The Houston Rockets defeated the Sacramento Kings 118-112. It was a well-rounded performance from the beleaguered Rockets—all five starters and Garrison Mathews scored in double figures. Christian Wood co-led the Rockets in scoring and finished the game with 23 points (8-15, 3-7 3PT), 14 rebounds, three assists, two steals, and one block. This is the kind of well-rounded, energetic performance that could boost his trade value. Then again, they were playing the Kings. There’s no denying that Wood is a talented and highly-skilled big man, but it’s fair to wonder whether or not he’d be able to produce the same numbers in a winning environment or in the playoffs. There’s really only one way to find out for sure. Kevin Porter Jr. also tallied 23 points (6-12 FG, 5-9 3PT) and added four rebounds, seven assists, and two steals. Jalen Green tallied 15 points (6-10 FG, 1-3 3PT), five rebounds, and four assists. Eric Gordon notched 15 points (6-11 FG, 2-5 3PT), seven rebounds, and two assists. Gordon has played well this season and certainly looks capable of helping a contender in the playoffs. Jae’Sean Tate added 10 points (5-6 FG, 0-1 3PT), four rebounds, two assists, and one steal. Garrison Mathews chipped in 17 points and Kenyon Martin Jr. tallied nine points, five rebounds, and one assist. Alperen Sengun had a quiet night with just six points, two assists, and one block.

Kings Notes

The Kings were without Tyrese Haliburton (health and safety protocols) in this game, but Richaun Holmes and Damian Jones did return to action. Marvin Bagley missed the game due to shoulder soreness and De’Aaron Fox was ejected in the fourth quarter for a flagrant-2 foul on Garrison Mathews. The Kings came back from down 15 early in the second quarter and took a lead into half-time, but were unable to seal the deal after leading by five early in the final period. Buddy Hield led the six Kings players in double figures with 27 points off the bench. He finished the game with 27 points (9-16 FG, 5-9 3PT), five rebounds, two assists, and four steals. Terence Davis started and finished the game with 17 points (6-14 FG, 2-10 3PT), six rebounds, five assists, and four steals. Davion Mitchell knocked down some shots and finished the game with 16 points (7-12 FG, 2-4 3PT), four rebounds, seven assist, and four steals. De’Aaron Fox tallied 14 points (6-12 FG, 1-2 3PT), three rebounds, and four assists before his ejection. Chimezie Metu finished the game with 14 points (6-14 FG, 1-6 3PT), seven rebounds, one assist, and one steal. Harrison Barnes tallied 12 points (2-7 FG, 1-5 3PT), two rebounds, three assists, and two steals. Richaun Holmes struggled with foul trouble and finished the game with just four points and one steal.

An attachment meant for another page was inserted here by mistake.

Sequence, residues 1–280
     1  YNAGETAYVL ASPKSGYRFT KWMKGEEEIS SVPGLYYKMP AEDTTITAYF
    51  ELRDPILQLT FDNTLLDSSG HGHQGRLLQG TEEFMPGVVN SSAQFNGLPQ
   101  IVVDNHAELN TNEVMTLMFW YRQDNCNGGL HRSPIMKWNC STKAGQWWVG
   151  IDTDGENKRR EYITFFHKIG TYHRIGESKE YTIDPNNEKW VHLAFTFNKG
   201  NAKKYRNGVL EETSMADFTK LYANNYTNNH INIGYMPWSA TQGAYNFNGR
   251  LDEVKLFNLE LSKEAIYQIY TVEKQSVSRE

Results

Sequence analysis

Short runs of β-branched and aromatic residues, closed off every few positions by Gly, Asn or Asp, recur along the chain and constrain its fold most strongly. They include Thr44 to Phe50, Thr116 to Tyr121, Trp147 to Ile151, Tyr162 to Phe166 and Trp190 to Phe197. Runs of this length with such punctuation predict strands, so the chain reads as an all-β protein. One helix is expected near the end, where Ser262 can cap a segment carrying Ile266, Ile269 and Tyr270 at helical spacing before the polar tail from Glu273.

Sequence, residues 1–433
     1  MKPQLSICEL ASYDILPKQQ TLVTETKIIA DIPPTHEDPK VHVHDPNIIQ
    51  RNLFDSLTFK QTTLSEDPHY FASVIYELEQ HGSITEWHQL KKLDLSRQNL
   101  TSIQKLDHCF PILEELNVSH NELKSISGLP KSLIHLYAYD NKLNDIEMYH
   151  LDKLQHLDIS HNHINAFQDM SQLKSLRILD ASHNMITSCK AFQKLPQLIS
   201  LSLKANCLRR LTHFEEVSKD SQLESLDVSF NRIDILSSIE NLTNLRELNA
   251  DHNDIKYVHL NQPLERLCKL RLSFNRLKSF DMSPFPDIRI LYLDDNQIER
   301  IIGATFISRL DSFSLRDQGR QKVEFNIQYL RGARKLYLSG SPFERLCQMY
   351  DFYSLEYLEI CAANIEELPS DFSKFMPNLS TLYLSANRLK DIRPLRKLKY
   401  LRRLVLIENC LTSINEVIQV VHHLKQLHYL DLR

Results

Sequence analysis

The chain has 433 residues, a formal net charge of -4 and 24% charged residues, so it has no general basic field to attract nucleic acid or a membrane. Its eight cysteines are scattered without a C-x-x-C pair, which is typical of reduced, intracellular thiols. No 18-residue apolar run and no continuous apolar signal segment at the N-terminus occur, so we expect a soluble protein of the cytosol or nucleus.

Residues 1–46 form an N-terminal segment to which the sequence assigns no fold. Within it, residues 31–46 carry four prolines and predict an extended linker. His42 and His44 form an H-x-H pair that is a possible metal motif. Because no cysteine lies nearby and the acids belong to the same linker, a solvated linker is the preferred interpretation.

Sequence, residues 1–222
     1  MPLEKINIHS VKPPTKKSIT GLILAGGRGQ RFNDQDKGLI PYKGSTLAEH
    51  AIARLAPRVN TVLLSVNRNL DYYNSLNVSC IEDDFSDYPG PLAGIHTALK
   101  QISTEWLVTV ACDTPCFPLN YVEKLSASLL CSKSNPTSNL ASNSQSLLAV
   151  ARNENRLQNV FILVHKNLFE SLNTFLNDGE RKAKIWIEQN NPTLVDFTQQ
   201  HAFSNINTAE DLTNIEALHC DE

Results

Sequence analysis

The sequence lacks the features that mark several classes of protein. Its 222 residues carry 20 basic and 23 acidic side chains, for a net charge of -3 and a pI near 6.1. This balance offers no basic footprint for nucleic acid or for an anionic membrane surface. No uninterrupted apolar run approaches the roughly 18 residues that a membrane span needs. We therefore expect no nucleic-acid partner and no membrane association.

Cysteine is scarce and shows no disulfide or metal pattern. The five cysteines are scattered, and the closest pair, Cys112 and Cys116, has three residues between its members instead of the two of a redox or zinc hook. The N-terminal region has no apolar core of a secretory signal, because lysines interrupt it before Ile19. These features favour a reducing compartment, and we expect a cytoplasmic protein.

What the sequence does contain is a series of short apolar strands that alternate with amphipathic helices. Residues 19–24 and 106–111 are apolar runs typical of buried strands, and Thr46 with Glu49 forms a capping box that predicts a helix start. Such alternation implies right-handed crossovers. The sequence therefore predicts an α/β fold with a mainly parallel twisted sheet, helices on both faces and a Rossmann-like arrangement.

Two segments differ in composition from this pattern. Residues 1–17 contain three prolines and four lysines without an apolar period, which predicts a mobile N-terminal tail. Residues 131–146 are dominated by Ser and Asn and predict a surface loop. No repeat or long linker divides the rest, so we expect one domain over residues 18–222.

Golden State Warriors vs. Minnesota Timberwolves

The Minnesota Timberwolves comfortably beat the short-handed Golden State Warriors 119-99. It was a close game at the half and even through much of the third quarter, but the Wolves pulled away late in the third and went into the fourth quarter with an 91-81 lead. The Warriors were never really able to make it a game after that point. Five Wolves players scored in double figures, led by Karl-Anthony Towns, who finished the game with 26 points (11-20 FG, 1-6 3PT), 11 rebounds, one assist, and two blocks. Jaylen Nowell tallied 17 points (6-9 FG, 3-5 3PT), two rebounds, and four assists. Malik Beasley added 16 points (5-10 FG, 5-9 3PT), two rebounds, and three assists. Patrick Beverley tallied 10 points (3-7 FG, 2-5 3PT), four rebounds, four assist, one steal, and one block. Jarred Vanderbilt also chipped in 10 points (5-5 FG) and added six rebounds, one assist, and one block. It was a quiet scoring night for both D’Angelo Russell and Anthony Edwards, who finished the game with nine points (3-8 FG, 2-4 3PT), one rebound, two assists, one steal, and one block. Russell finished the game with 7 points (2-9 FG, 0-5 3PT), three rebounds, 12 assists, and two steals. Jaden McDaniels added 9 points (4-12 FG, 1-5 3PT), 2 rebounds, one assist, two steals, and two blocks.